“I Walked Into a Middle School Science Class With Some Paint Brushes and Here’s What Happened”
A few years ago, I was working at a middle school as an arts integration teacher. My charge was to promote the benefits of STEAM projects and incorporate the arts into classes you normally wouldn’t find them. As someone who has been writing and speaking on the topic for years, it’s a role I truly enjoyed—but on the day I had to walk into a science class with paint brushes, watercolor paints, paper, and cups, I admittedly had to muster up a bit of courage.
The teacher was, well, a confirmed STEAM skeptic, and this would be his first substantial arts integration lesson. Plus, the students were obviously used to sitting at their desks and not used to having an arts lesson in this particular class. I needed to be absolutely sure that the watercolor lesson I was about to teach meshed well with the curricular outcome of understanding the differences between high- and low-pressure weather systems. Otherwise, a STEAM lesson would just be a “fun” activity and not integral to the students’ education. No pressure or anything.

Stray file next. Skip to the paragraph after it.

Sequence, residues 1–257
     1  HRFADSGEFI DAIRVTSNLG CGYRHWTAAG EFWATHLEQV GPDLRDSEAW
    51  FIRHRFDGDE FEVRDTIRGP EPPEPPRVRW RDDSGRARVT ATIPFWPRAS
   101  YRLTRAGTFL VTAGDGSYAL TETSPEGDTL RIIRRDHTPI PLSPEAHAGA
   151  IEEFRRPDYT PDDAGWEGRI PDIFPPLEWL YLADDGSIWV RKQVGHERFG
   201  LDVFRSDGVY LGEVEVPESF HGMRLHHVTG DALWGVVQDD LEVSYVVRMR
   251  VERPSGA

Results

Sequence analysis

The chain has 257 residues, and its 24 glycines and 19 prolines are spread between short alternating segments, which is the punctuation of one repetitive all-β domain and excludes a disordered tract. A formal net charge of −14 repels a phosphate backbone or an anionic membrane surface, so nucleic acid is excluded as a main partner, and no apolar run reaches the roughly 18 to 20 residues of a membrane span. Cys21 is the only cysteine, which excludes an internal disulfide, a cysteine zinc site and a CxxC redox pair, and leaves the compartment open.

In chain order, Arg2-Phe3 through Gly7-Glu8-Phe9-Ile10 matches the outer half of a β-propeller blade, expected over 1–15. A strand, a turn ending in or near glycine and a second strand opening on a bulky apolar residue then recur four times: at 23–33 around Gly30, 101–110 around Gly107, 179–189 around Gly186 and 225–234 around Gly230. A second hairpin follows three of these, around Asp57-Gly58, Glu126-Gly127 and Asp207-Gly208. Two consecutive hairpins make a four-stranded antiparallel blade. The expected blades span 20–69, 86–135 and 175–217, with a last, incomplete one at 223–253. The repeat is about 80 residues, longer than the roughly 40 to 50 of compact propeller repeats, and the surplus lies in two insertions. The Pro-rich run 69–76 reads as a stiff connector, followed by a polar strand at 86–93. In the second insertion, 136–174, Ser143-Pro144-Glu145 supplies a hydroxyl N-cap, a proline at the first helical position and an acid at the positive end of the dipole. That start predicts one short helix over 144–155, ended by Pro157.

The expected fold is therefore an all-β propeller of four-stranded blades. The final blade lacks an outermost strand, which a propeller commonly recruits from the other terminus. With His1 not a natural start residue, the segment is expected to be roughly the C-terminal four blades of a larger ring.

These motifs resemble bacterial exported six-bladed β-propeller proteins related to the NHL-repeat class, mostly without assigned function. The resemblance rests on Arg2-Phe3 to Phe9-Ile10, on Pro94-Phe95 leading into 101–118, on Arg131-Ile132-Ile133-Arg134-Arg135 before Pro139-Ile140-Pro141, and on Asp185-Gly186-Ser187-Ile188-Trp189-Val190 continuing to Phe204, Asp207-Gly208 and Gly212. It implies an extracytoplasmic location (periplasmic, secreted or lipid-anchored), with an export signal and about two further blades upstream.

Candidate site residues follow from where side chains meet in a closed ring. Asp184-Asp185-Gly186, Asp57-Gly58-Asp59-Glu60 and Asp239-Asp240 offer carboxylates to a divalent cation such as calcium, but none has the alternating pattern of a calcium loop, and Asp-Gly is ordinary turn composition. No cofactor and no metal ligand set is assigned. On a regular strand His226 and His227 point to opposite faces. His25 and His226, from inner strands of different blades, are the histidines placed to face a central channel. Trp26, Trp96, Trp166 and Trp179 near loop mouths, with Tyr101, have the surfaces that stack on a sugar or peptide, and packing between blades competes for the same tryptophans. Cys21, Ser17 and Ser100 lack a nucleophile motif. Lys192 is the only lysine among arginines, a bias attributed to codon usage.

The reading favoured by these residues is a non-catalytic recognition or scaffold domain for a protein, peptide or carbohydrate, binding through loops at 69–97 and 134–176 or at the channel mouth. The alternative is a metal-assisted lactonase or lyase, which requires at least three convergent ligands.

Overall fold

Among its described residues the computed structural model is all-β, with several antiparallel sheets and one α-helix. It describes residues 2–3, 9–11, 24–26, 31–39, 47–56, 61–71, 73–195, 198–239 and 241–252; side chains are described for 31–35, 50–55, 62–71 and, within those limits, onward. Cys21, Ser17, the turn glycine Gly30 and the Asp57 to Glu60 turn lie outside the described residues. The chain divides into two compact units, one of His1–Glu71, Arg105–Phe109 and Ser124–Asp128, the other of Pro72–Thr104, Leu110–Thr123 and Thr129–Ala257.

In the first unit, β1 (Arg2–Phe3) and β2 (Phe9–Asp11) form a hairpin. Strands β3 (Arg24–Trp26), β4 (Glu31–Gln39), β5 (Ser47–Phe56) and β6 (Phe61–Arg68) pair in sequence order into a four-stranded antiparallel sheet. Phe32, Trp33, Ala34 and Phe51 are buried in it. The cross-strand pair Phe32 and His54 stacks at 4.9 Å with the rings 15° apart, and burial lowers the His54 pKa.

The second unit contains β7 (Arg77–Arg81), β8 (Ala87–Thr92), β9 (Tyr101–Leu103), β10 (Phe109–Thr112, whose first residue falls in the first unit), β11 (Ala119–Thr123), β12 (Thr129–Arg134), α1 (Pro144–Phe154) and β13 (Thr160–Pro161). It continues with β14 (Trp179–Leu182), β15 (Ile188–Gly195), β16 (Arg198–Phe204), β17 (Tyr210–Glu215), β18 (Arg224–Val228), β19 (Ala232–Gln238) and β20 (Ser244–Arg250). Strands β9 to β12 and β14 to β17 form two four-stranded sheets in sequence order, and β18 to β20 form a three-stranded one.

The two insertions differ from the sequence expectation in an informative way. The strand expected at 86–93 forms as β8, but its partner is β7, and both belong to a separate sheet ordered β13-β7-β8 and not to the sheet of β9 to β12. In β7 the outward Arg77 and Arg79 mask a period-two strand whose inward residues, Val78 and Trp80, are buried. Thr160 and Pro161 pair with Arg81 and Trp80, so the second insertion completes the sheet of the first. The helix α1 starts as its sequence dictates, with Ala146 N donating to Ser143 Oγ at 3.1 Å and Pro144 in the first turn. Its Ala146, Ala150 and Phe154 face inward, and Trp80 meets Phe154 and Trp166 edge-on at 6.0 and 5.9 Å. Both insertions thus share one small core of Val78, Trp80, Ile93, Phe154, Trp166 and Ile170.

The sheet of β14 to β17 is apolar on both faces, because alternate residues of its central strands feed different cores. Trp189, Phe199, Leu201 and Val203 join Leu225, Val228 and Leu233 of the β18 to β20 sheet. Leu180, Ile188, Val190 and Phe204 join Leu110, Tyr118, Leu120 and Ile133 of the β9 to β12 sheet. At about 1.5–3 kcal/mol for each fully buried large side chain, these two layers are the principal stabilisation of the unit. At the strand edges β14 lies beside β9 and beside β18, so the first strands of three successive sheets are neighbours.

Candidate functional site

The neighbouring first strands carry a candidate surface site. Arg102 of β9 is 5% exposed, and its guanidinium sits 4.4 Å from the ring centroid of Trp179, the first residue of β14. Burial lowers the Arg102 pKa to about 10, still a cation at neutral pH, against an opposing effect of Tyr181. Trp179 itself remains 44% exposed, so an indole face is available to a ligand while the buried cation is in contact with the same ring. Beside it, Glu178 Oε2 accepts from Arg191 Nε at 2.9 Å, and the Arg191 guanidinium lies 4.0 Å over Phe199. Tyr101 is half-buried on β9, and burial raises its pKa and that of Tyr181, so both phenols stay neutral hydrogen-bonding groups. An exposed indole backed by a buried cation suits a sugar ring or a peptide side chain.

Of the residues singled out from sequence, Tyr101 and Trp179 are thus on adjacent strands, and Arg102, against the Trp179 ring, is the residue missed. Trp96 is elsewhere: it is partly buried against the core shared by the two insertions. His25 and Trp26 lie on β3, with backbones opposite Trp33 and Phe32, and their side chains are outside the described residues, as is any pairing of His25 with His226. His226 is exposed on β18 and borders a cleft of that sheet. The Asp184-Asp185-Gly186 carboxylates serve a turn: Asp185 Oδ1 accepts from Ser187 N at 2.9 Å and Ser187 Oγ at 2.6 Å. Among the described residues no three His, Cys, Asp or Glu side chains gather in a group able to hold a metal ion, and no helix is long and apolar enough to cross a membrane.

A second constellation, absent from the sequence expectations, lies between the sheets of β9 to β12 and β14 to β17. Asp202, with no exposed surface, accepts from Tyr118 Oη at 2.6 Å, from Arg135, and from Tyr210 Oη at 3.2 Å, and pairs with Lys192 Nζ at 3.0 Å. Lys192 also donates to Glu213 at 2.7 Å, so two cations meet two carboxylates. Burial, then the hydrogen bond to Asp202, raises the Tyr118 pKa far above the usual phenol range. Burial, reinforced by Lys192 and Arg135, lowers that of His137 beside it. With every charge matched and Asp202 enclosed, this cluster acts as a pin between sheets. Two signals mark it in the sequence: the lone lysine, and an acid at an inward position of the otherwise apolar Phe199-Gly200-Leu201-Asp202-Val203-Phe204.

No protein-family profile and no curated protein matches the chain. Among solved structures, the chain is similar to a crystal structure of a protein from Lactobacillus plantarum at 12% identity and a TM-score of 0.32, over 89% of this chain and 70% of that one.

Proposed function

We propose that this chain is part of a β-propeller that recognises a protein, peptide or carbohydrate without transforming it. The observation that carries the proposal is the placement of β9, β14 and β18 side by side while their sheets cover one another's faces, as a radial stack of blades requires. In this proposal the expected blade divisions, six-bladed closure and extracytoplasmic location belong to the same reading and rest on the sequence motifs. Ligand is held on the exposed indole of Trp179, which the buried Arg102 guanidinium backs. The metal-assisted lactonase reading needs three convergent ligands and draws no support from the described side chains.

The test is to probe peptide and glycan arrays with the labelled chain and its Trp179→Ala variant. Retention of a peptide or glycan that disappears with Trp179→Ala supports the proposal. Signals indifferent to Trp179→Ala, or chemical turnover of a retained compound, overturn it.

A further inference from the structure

Needless to say, the bar for success was set high. Fortunately, I was ready with an awesome plan, and as soon as I opened the door, I knew it’d work out well. (Spoiler alert: it did!) Here are the steps I took, and the steps you can take, to execute a successful arts integration lesson:
Cultivate a relationship with the teacher
Okay, so this teacher wasn’t my best friend, but I attended co-planning with him, listened to his ideas, and demonstrated that I valued his opinion. If you are an arts integration specialist, you can sometimes be viewed as an outsider who takes the teacher off tracks from their daily teaching routine. If you take the time to understand the teacher’s concerns and anxieties about using art in science class, however, you will go a long way toward successful collaboration. It is especially key to show the teacher exactly how an arts integration lesson will connect to, in this case, science standards and the expected student outcomes.
Scaffold the lesson
More often than not, arts integration specialists try to do too much too soon. The way I scaffolded the lesson made it accessible to the students and easy to understand for the teacher, and served as a formative assessment tool for me to make sure everyone was connecting the art with the science. In other words, go in phases. Take baby steps. You’ll get to the painting eventually!
Start with an easy-thinking routine like See-Think-Wonder
In this case, I shared watercolor paintings by masters that clearly demonstrated high-pressure systems (good weather) and low-pressure systems (rainy weather). Before the students ever created anything, they learned how to look at and discuss great art through a scientific lens.
Use “sketching for understanding” to begin the artistic process while learning the content